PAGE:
Could the oceans, the stars, and everything else in our universe be an unimaginably complex ruse? A team of scientists at the University of Washington has devised experiments to test whether humanity is living in a Matrix-like computer simulation being run by supercomputers developed by future humans.
It's an idea put forth by philosopher Nick Bostrom in 2003, and is based on the assumption that humanity will continue to improve its computing power far into the future—so much so that computers will be able to create a perceived reality with life in it. That life, Bostrom suggests, could be us and everything else in the universe.
Today's computers can perform simple simulations—but if humanity's power keeps improving, those simulations will improve along with it. At some point in the far future, someone will want to run an ancestor simulation, and that simulation could be our current world and universe, Bostrom posits.
Martin Savage, a nuclear physicist at the university, says there may be a way of proving whether Bostrom is right: Even the most advanced, undeveloped supercomputers won't have infinite computing power, and would have to essentially "cheat" to render some of the most complex parts of the universe. Savage says one of those parts could be cosmic rays, the seemingly random, very high-energy particles that make their way around outer space. If researchers can notice a pattern, it might be a sign that we're living in the Matrix.
"If we ourselves are a simulation, that simulation will be done with finite resources," he says. "We could look at the behavior of ultra high energy cosmic rays and see if they have a set of preferred directions, which wouldn't prove we're in a simulation, but it would be consistent with that fact."
In the movie The Matrix, highly-advanced machines create an imaginary world—Earth, where humans believe they live. In the movie, humans are actually hooked up to machines that leach their body heat as an energy source.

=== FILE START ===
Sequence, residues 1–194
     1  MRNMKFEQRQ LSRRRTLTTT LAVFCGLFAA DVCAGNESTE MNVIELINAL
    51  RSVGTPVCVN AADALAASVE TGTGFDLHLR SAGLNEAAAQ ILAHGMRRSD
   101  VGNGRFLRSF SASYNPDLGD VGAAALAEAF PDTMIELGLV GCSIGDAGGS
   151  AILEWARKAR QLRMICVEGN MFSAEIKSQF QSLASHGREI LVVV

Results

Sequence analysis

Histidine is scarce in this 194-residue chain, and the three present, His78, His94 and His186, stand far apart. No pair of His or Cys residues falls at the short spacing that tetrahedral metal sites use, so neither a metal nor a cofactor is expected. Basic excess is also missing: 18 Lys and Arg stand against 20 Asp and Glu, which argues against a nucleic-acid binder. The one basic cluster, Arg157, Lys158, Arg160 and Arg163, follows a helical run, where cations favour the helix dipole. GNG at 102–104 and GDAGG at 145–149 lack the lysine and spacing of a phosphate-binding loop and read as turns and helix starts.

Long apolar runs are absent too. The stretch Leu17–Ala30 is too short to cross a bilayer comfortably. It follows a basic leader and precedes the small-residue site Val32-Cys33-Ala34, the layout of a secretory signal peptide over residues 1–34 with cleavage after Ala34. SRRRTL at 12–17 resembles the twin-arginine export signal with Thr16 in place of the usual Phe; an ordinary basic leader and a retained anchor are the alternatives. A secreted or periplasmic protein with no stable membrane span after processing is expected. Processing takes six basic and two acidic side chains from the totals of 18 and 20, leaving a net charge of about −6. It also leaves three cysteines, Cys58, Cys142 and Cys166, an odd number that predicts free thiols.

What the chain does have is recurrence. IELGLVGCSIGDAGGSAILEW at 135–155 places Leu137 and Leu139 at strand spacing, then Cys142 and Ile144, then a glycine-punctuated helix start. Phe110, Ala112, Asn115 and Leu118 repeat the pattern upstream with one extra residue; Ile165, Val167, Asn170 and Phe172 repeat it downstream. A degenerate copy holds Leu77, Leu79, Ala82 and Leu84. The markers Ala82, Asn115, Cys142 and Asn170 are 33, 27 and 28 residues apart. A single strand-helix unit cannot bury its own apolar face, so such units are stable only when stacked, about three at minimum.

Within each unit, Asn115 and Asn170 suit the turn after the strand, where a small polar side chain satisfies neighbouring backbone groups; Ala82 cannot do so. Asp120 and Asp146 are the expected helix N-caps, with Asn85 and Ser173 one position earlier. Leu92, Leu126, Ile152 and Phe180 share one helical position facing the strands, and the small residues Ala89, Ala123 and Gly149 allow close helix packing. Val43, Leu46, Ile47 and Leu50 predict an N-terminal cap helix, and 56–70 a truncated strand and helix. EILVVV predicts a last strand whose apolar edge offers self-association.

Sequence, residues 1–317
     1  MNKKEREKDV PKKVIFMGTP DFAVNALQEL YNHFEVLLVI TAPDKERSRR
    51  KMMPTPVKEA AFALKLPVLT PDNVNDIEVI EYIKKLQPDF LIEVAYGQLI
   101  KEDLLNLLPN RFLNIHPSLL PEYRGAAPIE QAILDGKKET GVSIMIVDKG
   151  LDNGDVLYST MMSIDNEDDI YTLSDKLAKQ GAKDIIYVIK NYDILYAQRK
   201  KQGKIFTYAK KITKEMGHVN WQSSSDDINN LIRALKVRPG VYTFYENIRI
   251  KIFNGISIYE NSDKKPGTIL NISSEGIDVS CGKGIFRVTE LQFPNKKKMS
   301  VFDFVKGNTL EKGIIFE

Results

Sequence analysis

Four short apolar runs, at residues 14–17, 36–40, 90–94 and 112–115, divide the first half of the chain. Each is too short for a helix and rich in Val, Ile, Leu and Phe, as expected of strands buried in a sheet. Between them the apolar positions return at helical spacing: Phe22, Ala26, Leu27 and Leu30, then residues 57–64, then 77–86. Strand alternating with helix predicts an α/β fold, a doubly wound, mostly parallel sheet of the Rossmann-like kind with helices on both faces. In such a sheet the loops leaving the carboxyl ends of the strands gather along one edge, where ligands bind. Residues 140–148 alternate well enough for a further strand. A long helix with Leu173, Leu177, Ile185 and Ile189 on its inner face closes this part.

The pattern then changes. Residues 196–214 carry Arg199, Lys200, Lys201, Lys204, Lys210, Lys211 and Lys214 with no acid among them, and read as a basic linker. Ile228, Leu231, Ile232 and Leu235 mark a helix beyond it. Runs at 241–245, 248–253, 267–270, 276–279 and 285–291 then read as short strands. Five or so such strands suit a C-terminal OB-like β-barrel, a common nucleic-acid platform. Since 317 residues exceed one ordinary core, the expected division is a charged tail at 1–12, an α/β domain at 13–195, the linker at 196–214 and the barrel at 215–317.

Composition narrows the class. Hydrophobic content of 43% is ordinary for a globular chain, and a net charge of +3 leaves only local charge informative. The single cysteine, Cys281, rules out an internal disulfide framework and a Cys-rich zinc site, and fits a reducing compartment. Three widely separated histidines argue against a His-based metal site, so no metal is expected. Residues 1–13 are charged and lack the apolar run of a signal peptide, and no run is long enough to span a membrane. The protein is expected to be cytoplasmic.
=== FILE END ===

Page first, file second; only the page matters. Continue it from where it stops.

Savage himself is performing a set of computer simulations on subatomic particles using the known laws of nature. As computing power increases, those simulations will get more sophisticated to include different elements. One day far in the future, someone could create a computer that uses all the known laws of physics to essentially recreate history, he says.
"No one is simulating complete human beings today, but we're simulating clusters of atoms or molecules. If we have enough computing power, we'll be able to simulate our history, our evolution," he says. "If we simulate a complete universe, it will have simulated life, and that simulated life will be performing its own simulations."
Savage says, in fact, that "one of the most likely scenarios" is that we are a simulation. "If humans get to the point where they ever have enough resources to simulate ourselves, it is completely plausible that we're simulations," he says.
Either way, we won't know for a while: Some scientists are already looking at cosmic rays, but the data they're getting back isn't sophisticated enough to make a decision one way or another. And we are untold centuries away from being able to run a simulation of ourselves, Savage says.
So what happens if someone kicks the cord out of the supercomputer?
"I've got no idea—but with the simulations we do today, if we don't like what we're seeing, if they contain a fault, we can just stop it," he says. "Even if we find out we're living in a simulation, it's not going to impact anyone's day to day life. But it's going to disturb a whole lot of people."
Jason Koebler is a science and technology reporter for U.S. News & World Report. You can follow him on Twitter or reach him at firstname.lastname@example.org.